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             When I first found out about this little known Amazonian herb, I was thrilled. What caught my interest right away was that It was yet another source of some well known MAOI constituents found in several other well known species in the ethnobotany community. It also has a history associated with different medicinal applications than those several other similar botanicals, making it a uniquely useful plant friend. Being a life-long herbalist myself, I was elated to try it in all forms, including tincture, tea, & orally (capsuled). [ Aside from its medicinal use, it contains a psychoactive class of phytochemicals / sedative compounds which have some relaxing and rewarding potential on their own! ]

If you've been familiar with the most commonly discussed plants in the ethnobotany community, then you are probably more than aware of the most common ethnobotanicals which contain harmala alkaloids. They are the Ayahuasca Vine, Syrian Rue, and Passion Flower. Did you know that Tobacco and another plant called Bobinsana ( Calliandra angustifolia ) also contain harmala alkaloids? Bobinsana is rarely disuccsed in the main-stream ethnobotany community. I intend to make this mainstream knowledge.

Phytochemistry & Pharmacology

For those of you who are not familiar with harmala alkaloids and the plant-life that contain them, here is a brief run-down on the topic. These sacred botanicals contain complex phytochemicals which act as MAOIS ( Monoamine oxidase inhibitors ). They are commonly prized for their anti-depressant properties, and the ability to aid the body in absorbing and intensifying the effects of other psychoactive ethnobotanicals or substances. They have sedating and mildly psychoactive properties on their own. These species are potentially dangerous, if combined with other certain plants, drugs, chemicals, etc. Generally, the psychoactive properties of Bobinsana makes me feel calm, happy, mildly euphoric, and has a way of enhancing the sensory. It goes great with other good stuff if you use caution and don't go over-board. If you're a smoker, try it with a cigarette!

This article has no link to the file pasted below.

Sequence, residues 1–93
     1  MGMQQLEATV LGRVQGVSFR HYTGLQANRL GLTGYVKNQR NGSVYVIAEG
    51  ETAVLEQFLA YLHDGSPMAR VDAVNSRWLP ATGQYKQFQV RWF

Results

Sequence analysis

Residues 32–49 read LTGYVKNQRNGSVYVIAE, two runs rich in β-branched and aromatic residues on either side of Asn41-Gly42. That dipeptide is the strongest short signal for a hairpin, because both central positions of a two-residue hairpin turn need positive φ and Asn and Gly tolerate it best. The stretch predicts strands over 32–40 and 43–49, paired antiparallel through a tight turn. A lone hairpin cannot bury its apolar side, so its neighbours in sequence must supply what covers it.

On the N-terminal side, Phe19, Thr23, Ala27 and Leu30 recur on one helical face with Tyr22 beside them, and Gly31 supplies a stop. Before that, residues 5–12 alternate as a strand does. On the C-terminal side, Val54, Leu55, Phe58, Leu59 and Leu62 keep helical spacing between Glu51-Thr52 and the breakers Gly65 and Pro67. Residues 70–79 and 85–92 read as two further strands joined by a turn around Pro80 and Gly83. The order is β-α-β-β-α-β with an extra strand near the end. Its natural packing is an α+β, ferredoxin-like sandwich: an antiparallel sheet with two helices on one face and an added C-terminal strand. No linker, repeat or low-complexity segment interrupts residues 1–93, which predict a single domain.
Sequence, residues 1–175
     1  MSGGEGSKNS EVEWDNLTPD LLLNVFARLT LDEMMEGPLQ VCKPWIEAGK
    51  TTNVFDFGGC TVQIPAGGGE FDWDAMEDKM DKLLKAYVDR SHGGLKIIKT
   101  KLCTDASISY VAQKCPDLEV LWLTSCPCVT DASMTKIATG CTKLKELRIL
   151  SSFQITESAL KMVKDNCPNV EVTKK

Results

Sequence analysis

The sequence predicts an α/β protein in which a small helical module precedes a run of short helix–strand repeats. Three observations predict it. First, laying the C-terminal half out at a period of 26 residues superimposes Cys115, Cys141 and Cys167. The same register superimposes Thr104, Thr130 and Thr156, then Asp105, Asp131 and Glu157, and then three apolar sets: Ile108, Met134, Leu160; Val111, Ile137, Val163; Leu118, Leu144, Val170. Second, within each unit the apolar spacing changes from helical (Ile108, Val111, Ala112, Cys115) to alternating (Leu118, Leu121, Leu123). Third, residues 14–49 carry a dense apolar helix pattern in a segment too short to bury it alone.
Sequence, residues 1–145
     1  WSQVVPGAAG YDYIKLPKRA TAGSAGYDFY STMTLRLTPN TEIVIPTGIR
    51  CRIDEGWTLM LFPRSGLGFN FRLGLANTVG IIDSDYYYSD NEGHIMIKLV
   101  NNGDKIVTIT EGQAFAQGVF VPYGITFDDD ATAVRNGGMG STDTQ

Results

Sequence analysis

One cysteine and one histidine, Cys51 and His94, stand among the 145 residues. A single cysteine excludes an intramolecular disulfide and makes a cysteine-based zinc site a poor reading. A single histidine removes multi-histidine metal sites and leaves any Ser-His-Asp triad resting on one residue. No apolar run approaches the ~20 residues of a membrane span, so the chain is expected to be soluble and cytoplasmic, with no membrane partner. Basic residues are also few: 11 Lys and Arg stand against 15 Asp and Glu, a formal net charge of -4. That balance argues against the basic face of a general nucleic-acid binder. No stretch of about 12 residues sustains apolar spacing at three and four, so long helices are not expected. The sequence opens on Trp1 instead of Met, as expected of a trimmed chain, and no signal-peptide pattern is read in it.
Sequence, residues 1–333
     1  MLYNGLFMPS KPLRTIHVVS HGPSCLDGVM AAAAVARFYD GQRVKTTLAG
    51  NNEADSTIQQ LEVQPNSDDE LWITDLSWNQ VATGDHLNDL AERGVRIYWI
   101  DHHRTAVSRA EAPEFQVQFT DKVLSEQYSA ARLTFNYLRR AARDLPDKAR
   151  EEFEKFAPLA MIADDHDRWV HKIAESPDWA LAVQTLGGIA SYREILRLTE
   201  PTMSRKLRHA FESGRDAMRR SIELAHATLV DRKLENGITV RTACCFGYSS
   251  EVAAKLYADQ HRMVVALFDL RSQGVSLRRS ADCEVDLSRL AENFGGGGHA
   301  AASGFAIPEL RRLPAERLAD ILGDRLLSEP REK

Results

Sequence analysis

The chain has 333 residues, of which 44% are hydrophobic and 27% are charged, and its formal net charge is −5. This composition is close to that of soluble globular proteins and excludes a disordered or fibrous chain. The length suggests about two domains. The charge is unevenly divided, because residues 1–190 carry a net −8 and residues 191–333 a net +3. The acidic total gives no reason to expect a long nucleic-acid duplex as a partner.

Bobinsana ( Calliandra angustifolia ) has many other common nick-names including: yacu yutzu, and yopoyo ( not to be confused with Yopo ). Aside from the psychoactive harmala alkaloids in the plant, it has a reputation for having many medicinal qualities as well. It's yet another Amazonian gem, being used by the native Shamans to treat rheumatism and a wide range of other ailments. Often times it's added to the Shamanic Ayahuasca brew. There are numerous organizations with scientist backing who are working to educate, and provide everyone with safe legal access to these ethnobotanical substances.

In this paragraph I'm going to briefly talk about the effects of calliandra angustifolia ( Bobinsana ). The first time I tried it, I had felt like I was coming down with the flu. I figured I would try something new because my body shouldn't be immune to its effects because of this. I had often read that it was utilized in the rain forest as a medicine so I figured hey maybe it will help. I decided to go with the classic method of consumption and I brewed a tea out of some rather fresh leaves that a friend of mine hooked me up with for free! I took the leaves, put them in a tea bag ( one of those pouch kinds ), brewed my drink and began to sip it. I swear I believe it made me feel better. That's not all though..

I always had an interest in Ayahuasca related plants such as this for potentially enhancing dreams and even lucidity. Upon trying this tea for the first time I did in fact have really vivid dreams that night too, which I think the MAOI's were responsible for. The reason I think that is that the effets of Ayahuasca and DMT are only orally active because of the MAOI's in the vine. Because of the fact that it exist in our brains, it may have had some kind of influence over the effects of dreaming. So in thise sense, if this is true, I have found a use for Ayahuasca related ethnobotanicals without the counterpart that contains the actual "spirit molecule". If you're not familiar with the spirit molecule, please research it. There's a great documentary with Joe Rogan on it.

Constituents: pipecolic acids, amino acids, flavonoids, cyanogenic glycosides, tannins, saponins, harmala alkaloids, and sterols.

Medicinal Use

Medicinal Properties & Applications: Detox ( blood purifier ), uterine cancer, arthritis, stimulating tonic, colds/flu, anti-cancerous, anti-inflammatory, contraceptive, stimulant, tonic, MAOI, mild psychoactive sedative.

Warning: Do NOT consume if pregnant.
MAOIS can interact with certain foods, drugs, and medications.

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